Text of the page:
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Aquillion

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Re: Improving Pathfinding. (Computer sciency)
« Reply #306 on: April 14, 2011, 08:09:17 pm »

You can't really improve upon A*
You totally can if you use more specific heuristics.  A* is a very good general-case solution for a totally random graph, but if you know some general features of the graph beforehand, you can use heuristics customized to the case you're dealing with to speed up pathfinding, sometimes immensely.

More importantly, though, the slowdown in DF's pathing probably doesn't have anything to do with the abstract speed of the algorithm; it probably has to do with how it interacts with the limitations of architecture.  On a really really huge graph, like the ones DF works with, the slowdown isn't going to directly be from the processing itself, but from the cost of accessing that huge graph in memory.  Specifically, because access is so unpredictable, and because the graph is too big to fit into your cache, you have to go to RAM constantly.  While RAM is fast, sure, when you're doing a huge series of calculations, you want to be able to keep as much as possible in your cache -- as a result, simply applying A* mindlessly to a huge graph is going to end up being much less efficient than you would think, because most of your time is wasted fetching stuff from RAM to the processor.  Even those few milliseconds add up when you're forced to fetch from RAM for every step in the graph that you take.

Eg. see the abstract for this paper, which touches on the problem.  A* and Dijkstra's algorithm in general was set up to minimize computation time, not to reduce access; but nowadays, access is the real bottleneck, at least when dealing with graphs that are too huge for caching to eliminate the issue.

(There are other issues, but this should give you the general idea.  It's a very common mistake to fall into the trap of saying 'oh, I have a beautiful, perfect-looking algorithm, I'll just use that!' without considering the actual constraints placed by your hardware.)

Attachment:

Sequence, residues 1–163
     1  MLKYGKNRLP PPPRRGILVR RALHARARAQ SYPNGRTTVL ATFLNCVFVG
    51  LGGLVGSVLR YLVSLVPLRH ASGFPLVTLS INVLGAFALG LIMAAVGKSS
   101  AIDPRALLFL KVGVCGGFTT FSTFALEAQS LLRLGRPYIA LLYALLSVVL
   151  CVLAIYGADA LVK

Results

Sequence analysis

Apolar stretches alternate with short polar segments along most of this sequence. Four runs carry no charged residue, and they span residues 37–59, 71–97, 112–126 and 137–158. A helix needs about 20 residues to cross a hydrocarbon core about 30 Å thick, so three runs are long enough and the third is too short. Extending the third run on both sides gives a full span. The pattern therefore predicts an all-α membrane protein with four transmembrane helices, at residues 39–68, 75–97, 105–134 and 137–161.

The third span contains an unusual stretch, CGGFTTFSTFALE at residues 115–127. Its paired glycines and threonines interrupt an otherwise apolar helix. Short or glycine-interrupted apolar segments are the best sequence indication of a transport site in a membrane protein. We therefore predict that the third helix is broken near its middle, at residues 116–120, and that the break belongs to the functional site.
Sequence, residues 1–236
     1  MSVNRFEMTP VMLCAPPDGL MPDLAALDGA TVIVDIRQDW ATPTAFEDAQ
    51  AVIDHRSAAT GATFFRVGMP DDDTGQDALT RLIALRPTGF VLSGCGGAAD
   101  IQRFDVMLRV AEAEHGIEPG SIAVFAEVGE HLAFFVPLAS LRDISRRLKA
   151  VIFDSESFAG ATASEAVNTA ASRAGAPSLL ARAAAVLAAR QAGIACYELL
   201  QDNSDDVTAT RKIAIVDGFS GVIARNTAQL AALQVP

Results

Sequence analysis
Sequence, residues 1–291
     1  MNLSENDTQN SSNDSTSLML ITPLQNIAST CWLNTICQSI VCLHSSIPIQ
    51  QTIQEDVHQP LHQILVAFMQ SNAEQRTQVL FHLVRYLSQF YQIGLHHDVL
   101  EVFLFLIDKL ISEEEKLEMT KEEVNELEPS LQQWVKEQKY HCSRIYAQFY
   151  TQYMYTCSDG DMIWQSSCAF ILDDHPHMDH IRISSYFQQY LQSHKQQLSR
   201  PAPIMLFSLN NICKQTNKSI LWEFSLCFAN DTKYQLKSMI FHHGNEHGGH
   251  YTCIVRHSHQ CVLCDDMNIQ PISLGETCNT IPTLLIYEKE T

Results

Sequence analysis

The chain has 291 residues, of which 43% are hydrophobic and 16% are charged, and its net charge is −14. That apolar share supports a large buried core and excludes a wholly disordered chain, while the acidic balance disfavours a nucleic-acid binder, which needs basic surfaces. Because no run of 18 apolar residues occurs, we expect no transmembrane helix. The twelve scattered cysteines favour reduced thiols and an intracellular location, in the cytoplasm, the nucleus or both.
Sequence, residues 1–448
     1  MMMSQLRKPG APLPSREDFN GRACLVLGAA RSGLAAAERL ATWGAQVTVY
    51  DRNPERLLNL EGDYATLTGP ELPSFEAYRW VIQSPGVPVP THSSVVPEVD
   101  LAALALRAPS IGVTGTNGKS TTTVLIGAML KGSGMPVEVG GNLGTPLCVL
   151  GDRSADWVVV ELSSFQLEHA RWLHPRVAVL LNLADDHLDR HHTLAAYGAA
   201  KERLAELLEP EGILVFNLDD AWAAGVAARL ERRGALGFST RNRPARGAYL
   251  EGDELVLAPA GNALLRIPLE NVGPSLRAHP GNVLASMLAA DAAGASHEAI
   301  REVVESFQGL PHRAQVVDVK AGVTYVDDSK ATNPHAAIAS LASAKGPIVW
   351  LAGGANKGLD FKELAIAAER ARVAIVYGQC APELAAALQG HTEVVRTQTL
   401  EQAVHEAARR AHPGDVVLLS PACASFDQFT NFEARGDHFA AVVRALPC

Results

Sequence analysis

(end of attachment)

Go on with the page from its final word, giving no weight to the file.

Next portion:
« Last Edit: April 14, 2011, 08:17:30 pm by Aquillion »
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tps12

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Re: Improving Pathfinding. (Computer sciency)
« Reply #307 on: April 15, 2011, 09:12:14 pm »

More specific heuristics?
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Starver

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Re: Improving Pathfinding. (Computer sciency)
« Reply #308 on: April 16, 2011, 04:35:47 am »

More specific heuristics?
I must say that I remain a bit wary about "Well, we know there'll be corridors and rooms..." coming into discussions about how to make a better A*, or why to swap to a 'better'-than-A*-when-it-comes-to-corridors-and-rooms system.

Not to say that I don't like the various solutions being brought forward, but just because one player uses a basic 3x3-grid-and-doorways[1] doesn't mean that another player doesn't do 3x3-grid-with-columns[2] or 3x3-grid-with-nothing![3], among others (I didn't even bother to draw diagonal doorways, but I know they're popular) not even taking into account stairwell placement issues.  And there are players who do more aesthetic (less grid-like) layouts with diagonals, even approximations of curves, or are almost entirely open-plan or opportunistic within dug-out veins and other deposit minings.  Some will go for closed-path systems[6] that should be a pathing algorithm's dream.  Certain pathing algorithms, anyway, but others might struggle.

 
Personally, I tend to go for a variety of "filled 11-blocks"[4] within a corridor framework, according to need, and even my corridors might be simple or fancy[5].

Combined with the (near-)open nature of the surface topology and the different ways the various cavern setups might appear, I can only suggest that anyone suggesting a solution optimised for a typical playing-style/fort-layout should look at least at the 'natural' environment, and probably into other layout designs being used (even intermingled in the same fort!) and do a sanity check to see if they're in danger of de-optimising those areas.

Which is not to say that A* is the best-all-rounder, even, I hesitate to add.  And I know people already design their forts according to the vagaries of A* (e.g. walling off unused areas of the fort as a nod towards helping the A* from not investigating that easily-taken dead-end), even while others just ignore it all.  Under a different scheme the former can change styles again, if necessary, while the latter keeps on ignoring the issue (for better or worse).